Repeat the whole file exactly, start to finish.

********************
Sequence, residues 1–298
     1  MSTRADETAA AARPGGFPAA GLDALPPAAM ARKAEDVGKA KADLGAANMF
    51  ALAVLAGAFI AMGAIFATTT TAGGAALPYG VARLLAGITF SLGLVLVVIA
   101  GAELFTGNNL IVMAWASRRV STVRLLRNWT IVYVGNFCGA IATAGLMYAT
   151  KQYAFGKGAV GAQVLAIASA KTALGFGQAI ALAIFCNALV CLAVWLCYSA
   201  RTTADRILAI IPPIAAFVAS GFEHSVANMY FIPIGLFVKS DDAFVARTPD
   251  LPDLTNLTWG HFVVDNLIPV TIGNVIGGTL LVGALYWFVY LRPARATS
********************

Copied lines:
Sequence, residues 1–298
     1  MSTRADETAA AARPGGFPAA GLDALPPAAM ARKAEDVGKA KADLGAANMF
    51  ALAVLAGAFI AMGAIFATTT TAGGAALPYG VARLLAGITF SLGLVLVVIA
   101  GAELFTGNNL IVMAWASRRV STVRLLRNWT IVYVGNFCGA IATAGLMYAT
   151  KQYAFGKGAV GAQVLAIASA KTALGFGQAI ALAIFCNALV CLAVWLCYSA
   201  RTTADRILAI IPPIAAFVAS GFEHSVANMY FIPIGLFVKS DDAFVARTPD
   251  LPDLTNLTWG HFVVDNLIPV TIGNVIGGTL LVGALYWFVY LRPARATS